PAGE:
RALEIGH, NC — A new report provides insight into the hidden costs associated with purchasing a single-family home with a flood history in North Carolina – a state where past flood damages are not adequately disclosed to home buyers. The report – "Estimating Undisclosed Flood Risk in Real Estate Transactions” – was prepared by Milliman and commissioned by the Natural Resources Defense Council.
Key findings from the report are as follows:
The expected future annual flood losses for a home with prior flood damage is significantly higher than the average of all homes. The average home in North Carolina with prior flood damage has an expected average annual loss of $1,211, compared to $61 for the average home. Over the course of a 15-year mortgage, average expected damages to the previously flooded home equate to $18,164 (in today’s dollars); for a 30-year mortgage the damages equate to $36,328.
In North Carolina, 13,237 homes were purchased in 2021 that were estimated to have been previously flooded. The expected annual flood damages for these sold homes were estimated to be over $16 million.
Even with current conditions the expected losses increase dramatically over the duration of a mortgage. The losses can become even more extreme if climate change follows the Medium Climate Scenario or the High Climate Scenario (see report for the specifics of these scenarios). With these scenarios, climate change makes flooding more likely and more severe, through higher sea levels and changes in precipitation patterns, leading to even higher expected damages over the life of a mortgage for home buyers. For example, for a buyer of a previously flooded home with a 15-year mortgage in North Carolina, estimated damages rise from $18,164 under current climate conditions to $22,009 in the Medium Climate Scenario, and $30,512 in the High Climate Scenario. For a 30-year mortgage, estimated damages rise from $36,328 under current climate conditions to $44,018 in the Medium Climate Scenario, and $61,025 in the High Climate Scenario.
Without proper flood disclosure, a home buyer often does not know the risk and potential lifetime cost associated with the home. Milliman estimates that less than 4% of homeowners in the U.S. have any flood insurance coverage, potentially leaving unsuspecting buyers of previously flooded homes to be substantially more at risk of paying out of pocket for devastating, unexpected flood damages. Additionally, home buyers could be less likely to purchase flood insurance without the awareness that a home had previously flooded, and those that do purchase insurance may be subject to higher premiums than anticipated.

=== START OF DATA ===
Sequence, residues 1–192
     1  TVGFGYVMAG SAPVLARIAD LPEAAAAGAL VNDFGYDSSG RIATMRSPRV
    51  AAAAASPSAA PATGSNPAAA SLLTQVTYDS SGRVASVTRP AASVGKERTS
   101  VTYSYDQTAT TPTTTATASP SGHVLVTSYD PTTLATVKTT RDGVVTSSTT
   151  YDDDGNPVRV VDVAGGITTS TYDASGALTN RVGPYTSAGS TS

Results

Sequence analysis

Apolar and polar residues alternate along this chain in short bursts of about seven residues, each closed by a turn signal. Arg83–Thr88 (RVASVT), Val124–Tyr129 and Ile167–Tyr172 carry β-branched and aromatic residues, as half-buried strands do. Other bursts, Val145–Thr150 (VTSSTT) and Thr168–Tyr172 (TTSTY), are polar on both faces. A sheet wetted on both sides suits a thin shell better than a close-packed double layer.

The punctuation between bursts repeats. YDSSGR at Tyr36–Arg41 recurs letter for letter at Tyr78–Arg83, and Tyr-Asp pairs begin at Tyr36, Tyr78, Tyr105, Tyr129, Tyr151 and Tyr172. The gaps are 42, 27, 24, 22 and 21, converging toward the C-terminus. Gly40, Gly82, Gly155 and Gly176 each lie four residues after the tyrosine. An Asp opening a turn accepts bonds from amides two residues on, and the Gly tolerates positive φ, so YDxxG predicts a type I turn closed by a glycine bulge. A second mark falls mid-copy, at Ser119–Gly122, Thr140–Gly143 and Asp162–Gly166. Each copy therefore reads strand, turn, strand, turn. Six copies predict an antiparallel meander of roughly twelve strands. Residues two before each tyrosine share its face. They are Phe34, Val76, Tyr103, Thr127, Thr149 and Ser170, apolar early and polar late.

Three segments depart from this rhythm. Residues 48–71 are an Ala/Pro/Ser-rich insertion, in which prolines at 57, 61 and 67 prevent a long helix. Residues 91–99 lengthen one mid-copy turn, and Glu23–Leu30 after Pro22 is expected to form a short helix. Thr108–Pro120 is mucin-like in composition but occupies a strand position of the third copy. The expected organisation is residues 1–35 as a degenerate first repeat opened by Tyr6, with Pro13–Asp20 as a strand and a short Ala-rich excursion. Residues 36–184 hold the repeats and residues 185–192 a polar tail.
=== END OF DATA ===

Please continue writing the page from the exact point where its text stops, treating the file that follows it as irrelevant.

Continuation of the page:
“North Carolina’s disclosure laws do not explicitly require that a seller tell a home buyer about past flood damages,” said Joel Scata, Water and Climate Attorney at NRDC (Natural Resources Defense Council). “The failure to require disclosure of past flood damages is already costing North Carolinians tens of thousands of dollars. Home buyers must have the right to know whether their dream home is a potential nightmare.”
“This study shows how a single- piece of information can substantially improve understanding of flood risk,” said David Evans, Principal and Consulting Actuary at Milliman, Inc. “For a prospective homebuyer, knowing if a home has flooded in the past can be one of the most intuitive and important risk factors to consider.”
"Climate change is making flood-prone areas even more vulnerable, as experienced by countless North Carolina communities. This report makes the costs of flooding clear and underscores the urgency of addressing flood risk and keeping new housing out of flood-prone areas," said Sierra Weaver, Coast & Wetlands Program Lead, Southern Environmental Law Center.
For more information, read Joel Scata’s blog about the report.
NRDC (Natural Resources Defense Council) is an international nonprofit environmental organization with more than 3 million members and online activists. Since 1970, our lawyers, scientists, and other environmental specialists have worked to protect the world's natural resources, public health, and the environment. NRDC has offices in New York City, Washington, D.C., Los Angeles, San Francisco, Chicago, Bozeman, MT, and Beijing. Visit us at www.nrdc.org and follow us on Twitter @NRDC.